TOLEDO, Ohio — Tim O'Neil wants to pay your bills for you--for a fee.
He figures that there are two ways to make bill-paying easier--either make more money or find someone to take care of the task for you. Now he is paying his own bills, along with those of a dozen or so others.
O'Neil, 29, and Ed Koontz, 32, started EZ Budget, a bill-paying service, about 18 months ago. They work in a warehouse for a drugstore chain, and run the business from a spare bedroom in O'Neil's house here.
"One day I was thinking at work about services that were needed, and it just popped into my head--bill-paying," said O'Neil. "I hit Ed up on it, and the more we talked about it, it seemed like a really good idea to try.
"You don't even have to see your bills. You see only your receipts."
Change Billing Address
It works this way: The clients change their billing address to EZ Budget's post office box number, and pay Koontz and O'Neil a set amount twice a month. They pay the bills and send back the receipts.
"We get a total on their bills, add a service charge ($2 per check), and divide by two. On the first and 15th of the month, they make two even payments. If their bills are $500, they pay $250 on the first and $250 on the 15th," O'Neil said.
"With their statement, they see exactly what bills were paid, the amounts paid, the balance, if any, and then find out what their next two payments are.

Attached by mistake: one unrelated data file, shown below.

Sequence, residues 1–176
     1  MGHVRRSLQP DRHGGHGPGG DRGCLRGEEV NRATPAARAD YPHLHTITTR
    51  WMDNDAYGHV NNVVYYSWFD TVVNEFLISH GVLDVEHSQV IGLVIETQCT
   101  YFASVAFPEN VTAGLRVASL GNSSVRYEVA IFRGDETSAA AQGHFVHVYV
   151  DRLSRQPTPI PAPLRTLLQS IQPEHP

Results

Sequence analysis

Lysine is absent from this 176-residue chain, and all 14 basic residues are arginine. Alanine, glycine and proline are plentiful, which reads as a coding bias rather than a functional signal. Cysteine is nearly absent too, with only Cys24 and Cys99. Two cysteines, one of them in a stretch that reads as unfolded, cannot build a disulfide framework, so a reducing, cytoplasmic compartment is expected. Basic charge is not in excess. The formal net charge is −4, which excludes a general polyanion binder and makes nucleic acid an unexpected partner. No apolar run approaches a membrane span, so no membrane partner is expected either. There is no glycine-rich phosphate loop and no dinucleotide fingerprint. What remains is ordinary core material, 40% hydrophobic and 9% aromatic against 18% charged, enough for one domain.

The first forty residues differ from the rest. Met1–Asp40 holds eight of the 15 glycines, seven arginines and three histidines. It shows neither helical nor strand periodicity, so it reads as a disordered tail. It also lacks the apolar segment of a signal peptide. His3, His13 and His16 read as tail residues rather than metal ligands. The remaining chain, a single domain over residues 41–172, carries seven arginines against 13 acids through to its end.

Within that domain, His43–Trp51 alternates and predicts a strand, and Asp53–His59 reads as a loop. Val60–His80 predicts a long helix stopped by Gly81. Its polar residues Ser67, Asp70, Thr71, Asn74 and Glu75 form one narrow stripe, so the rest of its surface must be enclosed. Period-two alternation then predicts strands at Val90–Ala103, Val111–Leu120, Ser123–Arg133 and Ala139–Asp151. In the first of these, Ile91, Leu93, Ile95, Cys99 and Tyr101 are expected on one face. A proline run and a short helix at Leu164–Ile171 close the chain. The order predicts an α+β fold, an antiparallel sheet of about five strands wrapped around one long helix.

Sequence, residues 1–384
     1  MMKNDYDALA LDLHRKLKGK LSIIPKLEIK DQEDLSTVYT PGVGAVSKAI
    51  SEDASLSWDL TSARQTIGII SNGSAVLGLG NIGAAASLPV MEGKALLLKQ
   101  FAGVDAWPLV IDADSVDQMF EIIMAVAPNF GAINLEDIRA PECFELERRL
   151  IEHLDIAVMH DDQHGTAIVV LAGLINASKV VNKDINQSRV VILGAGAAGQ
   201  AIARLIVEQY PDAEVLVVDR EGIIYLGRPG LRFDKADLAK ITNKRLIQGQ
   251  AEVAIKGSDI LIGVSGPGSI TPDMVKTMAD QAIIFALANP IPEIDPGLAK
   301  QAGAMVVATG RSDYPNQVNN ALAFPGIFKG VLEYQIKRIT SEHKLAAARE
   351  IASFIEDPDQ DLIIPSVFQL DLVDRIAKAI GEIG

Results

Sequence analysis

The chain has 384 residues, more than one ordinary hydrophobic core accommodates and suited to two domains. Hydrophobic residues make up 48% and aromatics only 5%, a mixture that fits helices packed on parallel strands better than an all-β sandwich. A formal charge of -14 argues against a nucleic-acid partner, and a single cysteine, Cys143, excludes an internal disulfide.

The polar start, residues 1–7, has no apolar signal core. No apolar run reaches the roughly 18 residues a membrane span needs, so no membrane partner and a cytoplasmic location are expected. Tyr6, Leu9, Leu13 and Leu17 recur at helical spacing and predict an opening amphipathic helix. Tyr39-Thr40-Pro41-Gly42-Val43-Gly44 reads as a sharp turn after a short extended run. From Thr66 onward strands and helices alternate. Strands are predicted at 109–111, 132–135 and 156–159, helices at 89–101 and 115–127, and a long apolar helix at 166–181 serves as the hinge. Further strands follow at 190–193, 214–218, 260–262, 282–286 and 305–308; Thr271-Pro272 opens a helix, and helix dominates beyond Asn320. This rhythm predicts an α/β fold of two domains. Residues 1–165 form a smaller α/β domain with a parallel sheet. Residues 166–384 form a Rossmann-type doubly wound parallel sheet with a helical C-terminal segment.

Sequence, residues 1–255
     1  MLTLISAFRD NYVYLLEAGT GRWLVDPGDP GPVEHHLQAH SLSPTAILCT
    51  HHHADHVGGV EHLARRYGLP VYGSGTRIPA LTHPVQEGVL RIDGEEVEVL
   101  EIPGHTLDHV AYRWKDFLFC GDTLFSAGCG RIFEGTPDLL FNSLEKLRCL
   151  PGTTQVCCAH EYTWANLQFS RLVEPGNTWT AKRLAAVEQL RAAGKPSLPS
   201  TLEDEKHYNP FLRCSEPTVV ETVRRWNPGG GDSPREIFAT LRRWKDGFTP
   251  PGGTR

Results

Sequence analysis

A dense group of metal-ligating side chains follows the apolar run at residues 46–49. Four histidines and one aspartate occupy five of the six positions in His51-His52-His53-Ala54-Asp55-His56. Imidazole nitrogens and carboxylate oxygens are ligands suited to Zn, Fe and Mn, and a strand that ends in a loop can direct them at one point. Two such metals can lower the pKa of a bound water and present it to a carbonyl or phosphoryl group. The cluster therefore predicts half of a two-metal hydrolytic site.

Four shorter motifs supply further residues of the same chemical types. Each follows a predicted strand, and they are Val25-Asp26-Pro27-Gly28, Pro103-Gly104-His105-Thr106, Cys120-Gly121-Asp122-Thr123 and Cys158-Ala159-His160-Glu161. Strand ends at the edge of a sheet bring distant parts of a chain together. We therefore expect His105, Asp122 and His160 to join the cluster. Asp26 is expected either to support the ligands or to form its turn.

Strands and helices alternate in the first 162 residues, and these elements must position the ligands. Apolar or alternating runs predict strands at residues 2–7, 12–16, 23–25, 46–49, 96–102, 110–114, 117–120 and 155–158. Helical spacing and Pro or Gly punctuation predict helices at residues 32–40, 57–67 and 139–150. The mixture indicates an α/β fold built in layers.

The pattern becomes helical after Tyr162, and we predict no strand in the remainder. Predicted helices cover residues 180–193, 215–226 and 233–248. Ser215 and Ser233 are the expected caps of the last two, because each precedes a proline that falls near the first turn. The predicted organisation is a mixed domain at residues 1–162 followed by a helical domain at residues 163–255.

"Any bills like the electric, if it goes up $5 or $10, we cover it and it is carried over to the next month."
For non-monthly bills, such as car insurance, they set up an escrow account and save some of the client's money each month for that.
Range of Clients
Clients range from a woman who works with numbers all day and cannot bear to sit down with her checkbook and pay bills, to a man who takes care of his elderly mother's finances.
"The majority of people do not like sitting down and paying them even when they have the money," O'Neil said. "We get calls from working couples (who can afford their bills) but don't have time (to pay them) and when they do, they're paying late fees.
"Or people who are gone a lot; when they get home, all the bills are there. It takes a while for people to understand our service and realize how much it can help them. They are skeptical of trusting."
They learned trust works both ways after losing $300 when one client skipped town.
Since then, they accept only money orders for the first six months, until they become more familiar with the client's financial history.
"All we are concerned about is paying bills on time. We don't care how much you owe, as long as you can make the payments."
The two made a small profit last year, and say it will take time to develop it into a full-time business.